“There is nothing to writing. All you do is sit down at a typewriter and bleed.”
― Ernest Hemingway
Getting back into the freelance routine after two really amazing weeks at a magazine office has been a bit challenging, kittens. The truth is, I like being around other people, working on some team assignments, and seeing work I’ve done contribute to something. I get a lot of satisfaction with my freelancing work and I have no plans to quit it ever, but I confess I’d sure as hell like a steady income again and being around an office of people who make a living writing is equal parts inspiring and jealousy-inducing.
Obviously the cure for this is to find a job that pays me to write regularly…but you would not believe how hard that is. I’ve been hard at that very goal for months now! Of course, I’m still learning a lot. For the past year my writing has largely been copy work, which pays the bills (mostly) but doesn’t come with a lot of reflected glory (and I admit, I’d like just a little glory). But now that I’ve got some journalism and solid copy work under my belt I’m trying to transition to including magazine articles and other mediums that I want to gain experience in.
As with all work, with writing ultimately what I need is a foot in the door somewhere. I’m working with an editor I met at Red now on one pitch that she really liked and connected with (gah, I’m so hopeful it’s a bit ridiculous) and I’ve contacted some local magazines about possibly doing freelance work for them as well, and am prepared to (politely) hound them until I get replies. I’m making progress. I’m just impatient!
Anyone else going through a work/life transition? Or my fellow writers out there have any words of wisdom to impart? Here are your links, tell me what you’re getting up to this weekend!
This is amazing! Sir David Attenborough Planet Earth’s Olympic curling!
Fascinating post from the Atlantic! I don’t classify myself as a particularly bad procrastinator, but other issues mentioned in this (imposter syndrome, being the top reader/writer in my class growing up only to turn into a little fish in a huge pond later, fear of failure) I deeply identify with.
Also from the Atlantic, but I thought this was an interesting followup to last week’s link of face “good” sides.
While I admit Lean In has some failings in relating well to women across class lines and other divides, I found a lot to like in it, and I’m pretty supportive of several of the Lean In projects. This latest is a majorly good one – a collection of stock photos to portray women more diversely and accurately than the media boils us down to. This Buzzfeed article has a great, edited selection for those who don’t care to search the 2500+ and growing collection.
Wanting this latest Blanca Gomez print.
The pace of medical science astounds me sometimes. Someday this technology will help people like my siter-in-law, currently on a waitlist for a lung transplant.
This is a thing? Unless we’re carting corpses out of debutantes bedrooms, poisoning one another with pastry, or destroying our siblings reputations (all of which, it much be said can usually be done at a typical Rodgers Family Game Night), I want no part of this.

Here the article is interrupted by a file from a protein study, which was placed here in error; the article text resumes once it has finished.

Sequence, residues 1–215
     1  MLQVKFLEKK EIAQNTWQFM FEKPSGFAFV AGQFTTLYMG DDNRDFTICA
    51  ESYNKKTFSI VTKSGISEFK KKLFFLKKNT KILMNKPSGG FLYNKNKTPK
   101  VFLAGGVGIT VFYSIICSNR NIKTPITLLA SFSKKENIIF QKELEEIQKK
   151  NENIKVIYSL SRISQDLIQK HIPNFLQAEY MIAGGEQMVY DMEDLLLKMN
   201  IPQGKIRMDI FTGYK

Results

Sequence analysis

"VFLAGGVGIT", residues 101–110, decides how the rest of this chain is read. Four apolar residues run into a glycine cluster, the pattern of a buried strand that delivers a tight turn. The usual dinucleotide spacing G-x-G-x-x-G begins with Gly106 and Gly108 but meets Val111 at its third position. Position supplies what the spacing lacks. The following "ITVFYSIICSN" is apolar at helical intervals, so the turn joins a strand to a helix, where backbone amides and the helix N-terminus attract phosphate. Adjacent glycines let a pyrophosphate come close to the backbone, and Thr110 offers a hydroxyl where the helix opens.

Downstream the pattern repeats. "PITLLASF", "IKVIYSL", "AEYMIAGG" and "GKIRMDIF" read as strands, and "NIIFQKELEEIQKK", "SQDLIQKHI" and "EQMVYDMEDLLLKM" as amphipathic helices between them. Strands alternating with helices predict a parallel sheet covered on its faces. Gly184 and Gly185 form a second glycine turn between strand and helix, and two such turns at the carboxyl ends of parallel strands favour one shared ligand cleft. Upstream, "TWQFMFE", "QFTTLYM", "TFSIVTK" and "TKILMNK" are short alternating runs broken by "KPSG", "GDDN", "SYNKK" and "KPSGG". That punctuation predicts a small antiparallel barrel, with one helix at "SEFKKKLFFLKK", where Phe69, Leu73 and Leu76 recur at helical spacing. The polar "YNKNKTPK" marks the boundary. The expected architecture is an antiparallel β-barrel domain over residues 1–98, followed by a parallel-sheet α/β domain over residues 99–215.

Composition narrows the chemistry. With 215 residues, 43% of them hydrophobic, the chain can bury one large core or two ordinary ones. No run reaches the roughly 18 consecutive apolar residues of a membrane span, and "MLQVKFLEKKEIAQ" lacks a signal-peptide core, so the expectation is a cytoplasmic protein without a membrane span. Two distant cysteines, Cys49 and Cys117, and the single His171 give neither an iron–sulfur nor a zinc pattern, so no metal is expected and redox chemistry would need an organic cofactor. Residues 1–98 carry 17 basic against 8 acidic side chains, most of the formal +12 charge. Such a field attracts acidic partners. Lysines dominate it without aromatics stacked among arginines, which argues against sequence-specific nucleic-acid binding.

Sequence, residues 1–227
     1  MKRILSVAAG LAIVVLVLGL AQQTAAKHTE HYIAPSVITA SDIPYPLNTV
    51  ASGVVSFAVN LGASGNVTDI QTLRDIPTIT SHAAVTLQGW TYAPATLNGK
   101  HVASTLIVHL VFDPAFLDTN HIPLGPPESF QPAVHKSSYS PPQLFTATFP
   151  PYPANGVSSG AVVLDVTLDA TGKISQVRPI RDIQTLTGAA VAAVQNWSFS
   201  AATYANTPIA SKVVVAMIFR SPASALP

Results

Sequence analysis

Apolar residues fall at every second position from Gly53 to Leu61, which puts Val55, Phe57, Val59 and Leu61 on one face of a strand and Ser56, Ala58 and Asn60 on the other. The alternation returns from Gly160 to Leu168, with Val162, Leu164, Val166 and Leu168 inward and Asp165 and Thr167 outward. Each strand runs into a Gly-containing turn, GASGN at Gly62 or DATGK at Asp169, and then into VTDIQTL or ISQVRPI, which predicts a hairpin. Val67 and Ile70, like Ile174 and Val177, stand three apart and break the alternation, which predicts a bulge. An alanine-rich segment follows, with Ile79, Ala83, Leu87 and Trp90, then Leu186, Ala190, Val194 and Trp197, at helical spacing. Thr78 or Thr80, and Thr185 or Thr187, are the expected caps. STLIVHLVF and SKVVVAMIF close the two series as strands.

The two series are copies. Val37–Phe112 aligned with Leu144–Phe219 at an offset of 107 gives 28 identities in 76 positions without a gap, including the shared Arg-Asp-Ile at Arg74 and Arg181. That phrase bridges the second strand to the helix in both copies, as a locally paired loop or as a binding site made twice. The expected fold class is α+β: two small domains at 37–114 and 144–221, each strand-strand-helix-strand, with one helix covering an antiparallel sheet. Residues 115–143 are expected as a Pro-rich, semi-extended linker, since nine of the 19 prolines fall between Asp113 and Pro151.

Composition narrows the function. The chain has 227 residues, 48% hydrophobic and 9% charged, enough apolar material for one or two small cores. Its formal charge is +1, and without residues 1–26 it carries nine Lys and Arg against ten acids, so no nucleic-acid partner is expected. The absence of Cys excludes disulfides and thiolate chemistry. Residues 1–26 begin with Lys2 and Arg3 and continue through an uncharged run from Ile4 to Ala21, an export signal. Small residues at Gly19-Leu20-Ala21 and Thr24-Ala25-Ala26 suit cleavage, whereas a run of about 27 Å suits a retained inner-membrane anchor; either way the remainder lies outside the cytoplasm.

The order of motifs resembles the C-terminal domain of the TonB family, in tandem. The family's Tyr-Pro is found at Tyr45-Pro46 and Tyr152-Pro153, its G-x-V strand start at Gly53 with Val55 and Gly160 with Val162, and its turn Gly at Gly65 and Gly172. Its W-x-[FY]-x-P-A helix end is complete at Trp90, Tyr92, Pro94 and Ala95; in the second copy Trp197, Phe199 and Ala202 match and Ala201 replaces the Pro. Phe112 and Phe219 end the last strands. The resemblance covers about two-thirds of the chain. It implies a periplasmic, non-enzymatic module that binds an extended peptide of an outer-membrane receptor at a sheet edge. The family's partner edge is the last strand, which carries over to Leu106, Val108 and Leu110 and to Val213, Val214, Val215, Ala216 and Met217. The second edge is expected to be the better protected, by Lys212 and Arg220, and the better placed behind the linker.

The headline of the week. Mostly because I really loved Bosch’s work from my art history course at university on the Northern Renaissance
This kid is doing something pretty fun on Instagram.
Need to escape the proletariat? Quick, pick a pseudonym!
3 thoughts on “Friday Links (So You Want To Be a Writer, Edition)”
Everyone wants to be a writer.
You have to outwit, outwrite, outsell, outcharm and outwait them all to get your shot. It’s not rocket science. You really have no idea how competitive it is until you try to join that race. That doesn’t mean give up, but impatience will not get you anywhere. Network your ass off and start accumulating a lot of impressive/smart clips. Those two things will open doors. Not much else will.
It’s damn hard and weeds out the weak, lazy and ambivalent. The rest of us are still duking it out!
I think everybody wants to be what they think a writer is 😉 The reality of course is hugely different. I was talking to one of my best friends the other day who also knew she wanted to write from a young age and we were reminiscing on how we wanted to be writers when we grew up…and we have! I mostly support myself doing copy work while she does grant writing, but nevertheless, we live by our pens one way and are constantly looking for others. It was pretty neat to reflect on, actually.
One thing that really bugged me when I told people at university that I wanted to write for living was the idea they had that I could do it part time or just whenever I felt like it (putting it after marriage and children of course, in their minds) and still be successful at it. I’ve lost count of the number of times I’ve hard to argue that it’s a job that requires the same amount of time and work – sometimes more! – as any other way to make a living.
People think (wish) it’s dead easy. Snort.